March 2018


This View Article page is a limited distribution complimentary copy and not for distribution other than by the author.
Please consider subscribing to our monthly woodturning magazine.


Read a Free Sample Edition

Click ad to visit our sponsor


Painted Natural Edge Bowls

by John Lucas

Have you ever started a bark edge bowl and had trouble keeping the bark on? Maybe the blank was too old, or bugs got into the cambium layer, or maybe you just got too aggressive with the gouge and tore it off. Happens to us all. Early on after having this problem I learned to either color the edge with a permanent marker, or burn the edge. Of course you had to remove all the bark to do this. In this article I will show you the techniques for removing the bark and what I think is a more unusual and maybe better alternative to burning. 

I had a walnut rough-turned blank that was quite old. I don’t remember why the bark was mostly gone but it was the perfect project for this technique.   

Photo 1


I chip off as much bark as I can sometimes using a knife or chisel to pry it off. 

Photo 2


When I have that done, I use my Dremel with a carbide cutter to remove all the rest along with the cambium layer.

Photo 3


I try to retain the natural edge shape. In this case there was a small limb protrusion that didn’t look very good, so I ground it off as well.   I use a Dremel sanding mop to clean up all the tool marks left from the burr and to refine the shape. Here is a photo of those tools.  I purchased the burr from

Photo 4


My bowl had one bug hole.

Photo 5


I patched it with colored epoxy. Since I’m going to paint the rim, this will not show (except on the side) so the colored epoxy will work. I simply mix black shoe dye into the epoxy while I stir it to mix the two parts together. I used blue masking tape as a sort of dam to keep the epoxy in place. Once it's cured, I level it with the same cutters.  

Photo 6


Now the fun begins. I use sponge painting techniques. Quite simply, you take a natural sponge, dip it in paint, and then press it against the wood. To get good results it’s a little more complicated--but not much. First you need a selection of paints. I find that a few colors that are close, mixed in with some wildly contrasting colors, seems to work well. Here is a photo of one selection I used for the walnut bowl.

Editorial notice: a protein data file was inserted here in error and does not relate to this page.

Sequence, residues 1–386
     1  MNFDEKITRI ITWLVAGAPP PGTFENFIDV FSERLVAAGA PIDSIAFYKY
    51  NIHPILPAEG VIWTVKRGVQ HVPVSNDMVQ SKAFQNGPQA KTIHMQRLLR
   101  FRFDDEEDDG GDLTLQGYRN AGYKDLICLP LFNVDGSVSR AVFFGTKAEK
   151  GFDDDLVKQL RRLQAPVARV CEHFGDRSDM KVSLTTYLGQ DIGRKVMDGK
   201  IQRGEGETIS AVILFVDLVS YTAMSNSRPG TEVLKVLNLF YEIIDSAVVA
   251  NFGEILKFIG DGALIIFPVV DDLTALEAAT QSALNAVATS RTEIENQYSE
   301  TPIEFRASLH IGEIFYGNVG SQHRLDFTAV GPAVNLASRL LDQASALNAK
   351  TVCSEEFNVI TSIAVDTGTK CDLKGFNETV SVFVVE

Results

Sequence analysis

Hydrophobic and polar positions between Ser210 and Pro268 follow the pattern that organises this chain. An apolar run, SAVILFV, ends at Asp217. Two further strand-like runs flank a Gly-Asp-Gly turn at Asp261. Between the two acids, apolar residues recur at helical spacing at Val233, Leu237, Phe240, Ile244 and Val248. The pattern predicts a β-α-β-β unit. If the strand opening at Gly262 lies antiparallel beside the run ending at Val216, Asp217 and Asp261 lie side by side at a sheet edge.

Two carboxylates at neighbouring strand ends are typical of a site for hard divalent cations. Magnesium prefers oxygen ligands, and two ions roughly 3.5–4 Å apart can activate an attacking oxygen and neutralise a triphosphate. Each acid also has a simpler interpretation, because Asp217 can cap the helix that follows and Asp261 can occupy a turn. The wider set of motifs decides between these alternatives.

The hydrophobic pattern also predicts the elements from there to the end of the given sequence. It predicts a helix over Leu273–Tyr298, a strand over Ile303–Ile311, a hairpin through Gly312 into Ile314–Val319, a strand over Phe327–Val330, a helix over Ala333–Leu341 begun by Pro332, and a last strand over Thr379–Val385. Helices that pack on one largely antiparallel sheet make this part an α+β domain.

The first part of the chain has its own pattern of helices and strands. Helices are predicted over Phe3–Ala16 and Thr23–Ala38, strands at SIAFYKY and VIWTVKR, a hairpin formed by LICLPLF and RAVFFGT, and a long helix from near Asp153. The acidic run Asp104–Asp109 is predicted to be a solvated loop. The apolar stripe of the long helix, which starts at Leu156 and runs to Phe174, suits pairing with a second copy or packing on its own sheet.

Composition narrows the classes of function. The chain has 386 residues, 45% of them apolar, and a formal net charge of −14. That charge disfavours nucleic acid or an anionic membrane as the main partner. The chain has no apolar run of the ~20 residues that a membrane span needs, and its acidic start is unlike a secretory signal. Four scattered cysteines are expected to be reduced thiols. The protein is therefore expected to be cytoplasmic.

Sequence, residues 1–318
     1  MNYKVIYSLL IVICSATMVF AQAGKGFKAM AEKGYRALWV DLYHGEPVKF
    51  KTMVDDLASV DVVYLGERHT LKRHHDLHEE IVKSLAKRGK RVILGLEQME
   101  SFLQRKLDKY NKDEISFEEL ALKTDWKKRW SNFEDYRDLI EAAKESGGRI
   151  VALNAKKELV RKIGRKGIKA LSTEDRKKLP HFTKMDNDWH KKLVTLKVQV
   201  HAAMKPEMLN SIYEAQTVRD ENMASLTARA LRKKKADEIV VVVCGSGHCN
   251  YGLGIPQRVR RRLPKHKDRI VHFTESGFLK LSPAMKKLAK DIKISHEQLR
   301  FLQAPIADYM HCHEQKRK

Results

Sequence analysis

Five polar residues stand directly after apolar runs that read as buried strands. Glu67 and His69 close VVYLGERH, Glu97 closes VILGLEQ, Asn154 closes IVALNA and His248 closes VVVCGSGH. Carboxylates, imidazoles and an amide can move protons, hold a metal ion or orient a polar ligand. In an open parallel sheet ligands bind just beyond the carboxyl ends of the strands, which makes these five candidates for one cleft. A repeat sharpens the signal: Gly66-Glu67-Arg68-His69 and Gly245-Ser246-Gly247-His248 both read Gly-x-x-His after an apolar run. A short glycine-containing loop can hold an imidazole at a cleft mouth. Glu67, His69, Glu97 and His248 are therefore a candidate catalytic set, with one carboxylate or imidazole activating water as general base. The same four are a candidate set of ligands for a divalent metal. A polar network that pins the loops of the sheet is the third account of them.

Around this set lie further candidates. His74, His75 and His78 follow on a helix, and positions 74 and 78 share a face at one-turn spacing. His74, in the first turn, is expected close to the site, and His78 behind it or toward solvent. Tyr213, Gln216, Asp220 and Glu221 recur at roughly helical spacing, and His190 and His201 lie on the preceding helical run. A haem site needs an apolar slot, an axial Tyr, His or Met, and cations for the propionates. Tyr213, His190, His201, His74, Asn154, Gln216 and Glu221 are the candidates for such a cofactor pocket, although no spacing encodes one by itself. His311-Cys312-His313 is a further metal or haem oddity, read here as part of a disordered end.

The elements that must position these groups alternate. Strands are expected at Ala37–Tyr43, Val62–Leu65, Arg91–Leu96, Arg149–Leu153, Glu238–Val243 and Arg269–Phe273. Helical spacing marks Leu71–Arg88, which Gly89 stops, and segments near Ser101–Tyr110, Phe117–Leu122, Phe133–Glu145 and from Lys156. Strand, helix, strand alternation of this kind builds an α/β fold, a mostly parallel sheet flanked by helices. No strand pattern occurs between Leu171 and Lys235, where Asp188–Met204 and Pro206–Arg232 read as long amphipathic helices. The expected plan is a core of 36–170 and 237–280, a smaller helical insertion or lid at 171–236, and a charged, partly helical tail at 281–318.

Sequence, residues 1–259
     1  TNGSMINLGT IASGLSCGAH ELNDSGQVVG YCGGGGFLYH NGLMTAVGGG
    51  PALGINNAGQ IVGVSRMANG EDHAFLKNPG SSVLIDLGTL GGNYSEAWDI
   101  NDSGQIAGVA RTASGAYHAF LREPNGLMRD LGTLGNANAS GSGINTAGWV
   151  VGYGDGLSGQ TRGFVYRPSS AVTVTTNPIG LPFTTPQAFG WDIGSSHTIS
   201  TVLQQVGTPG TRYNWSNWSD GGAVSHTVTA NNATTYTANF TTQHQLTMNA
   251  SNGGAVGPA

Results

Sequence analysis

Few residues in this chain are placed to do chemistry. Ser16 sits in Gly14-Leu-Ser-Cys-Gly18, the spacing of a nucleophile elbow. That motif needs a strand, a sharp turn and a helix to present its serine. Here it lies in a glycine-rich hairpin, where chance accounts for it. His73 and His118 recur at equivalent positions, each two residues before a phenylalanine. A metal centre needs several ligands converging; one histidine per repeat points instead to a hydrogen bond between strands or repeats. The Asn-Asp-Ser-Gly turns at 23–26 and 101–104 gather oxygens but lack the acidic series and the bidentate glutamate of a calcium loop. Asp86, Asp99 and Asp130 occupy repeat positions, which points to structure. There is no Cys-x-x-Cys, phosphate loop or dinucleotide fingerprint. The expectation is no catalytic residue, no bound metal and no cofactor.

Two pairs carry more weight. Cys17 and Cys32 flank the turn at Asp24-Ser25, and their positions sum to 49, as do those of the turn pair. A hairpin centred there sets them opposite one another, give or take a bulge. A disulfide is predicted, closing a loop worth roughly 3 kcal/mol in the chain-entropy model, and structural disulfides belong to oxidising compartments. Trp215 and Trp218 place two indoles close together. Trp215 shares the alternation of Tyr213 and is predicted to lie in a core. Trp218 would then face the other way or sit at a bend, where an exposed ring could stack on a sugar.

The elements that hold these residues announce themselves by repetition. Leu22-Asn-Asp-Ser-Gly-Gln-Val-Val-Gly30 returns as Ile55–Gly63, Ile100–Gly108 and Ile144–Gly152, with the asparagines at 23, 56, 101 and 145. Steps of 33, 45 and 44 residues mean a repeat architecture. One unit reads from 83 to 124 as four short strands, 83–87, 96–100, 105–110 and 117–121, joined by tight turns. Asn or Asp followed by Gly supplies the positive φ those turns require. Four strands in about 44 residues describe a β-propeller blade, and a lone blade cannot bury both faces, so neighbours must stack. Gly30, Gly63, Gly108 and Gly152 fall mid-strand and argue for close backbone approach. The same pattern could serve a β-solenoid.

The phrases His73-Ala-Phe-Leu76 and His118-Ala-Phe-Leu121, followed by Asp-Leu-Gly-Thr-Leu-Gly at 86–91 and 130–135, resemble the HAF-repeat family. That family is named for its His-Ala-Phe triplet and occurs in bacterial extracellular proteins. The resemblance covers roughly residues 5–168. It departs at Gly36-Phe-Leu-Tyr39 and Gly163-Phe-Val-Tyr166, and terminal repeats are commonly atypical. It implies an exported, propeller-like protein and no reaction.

Photo 7


Then you need a selection of natural sponges. Your hobby shop may have these. I found them at a lot of sources. You want a good selection because every surface is different and I find a variety of textures works better for this technique. You can tear the sponges apart to get more variety.   

Photo 8


I usually start by laying down a solid color with a brush. I call this a base color. It will be mostly covered by all the other colors but gives a good background. 

Photo 9


Then more fun! Pour some color out on a paper plate and dab the sponge into it. Then I stamp the sponge on the plate a few times until I can see that it’s producing a textured pattern.

Photo 10


Now, just stamp a random pattern onto the bowl. You will have to pick up more paint frequently and may wish to change that area on the sponge that picks up the paint so you get a more random pattern. 

Photo 11


Here is the first color applied.   

Photo 12


I use water-based paints for easy clean up. Keep a wet paper towel handy so if you print any over the edges you can wipe those areas clean. Since I applied finish and wax to the bowl before I started this process, it is easy to clean up any spilled or overprinted areas using the paper towel. The water-based paints make it easy to clean up the sponge as well. 

Now I applied some silver and copper.

Photo 13


Don’t worry about getting too much color at this time. We will tone it down with the next colors. I often use some really contrasting colors just for interest. Now I apply another more neutral color to hide some of the bright colors. In this case it was a brown. 

Photo 14


Now here is the trick to make it look more natural and less gaudy. I go back with the first two colors and just sort of touch up all the areas that really stand out too strongly. Ideally, you want to see the bright colors to add interest but you don’t want them to slap you in the face. 

Photo 15


Here is a look at the paper plate to get an idea of how I test the sponge pattern before applying it to the bowl.  

Photo 16


Here is a detail of the finished edge.  

Photo 17


The final bowl all finished.     

Photo 18


  Here are a few more.  This one has a more or less red appearance.  

Photo 19


Here is a bowl with just a burned edge. 

Photo 20


Here are a few more examples.  

Photo 21


I use Minwax wipe-on poly as my final finish over the painted or burned edges. I just dab it on rather than wipe. This seems to work well over the water based paints and holds up well.

I hope you have fun with this technique. The good thing is, if it doesn’t look right just paint over it and try again! 

Click here to read about the author, John Lucas.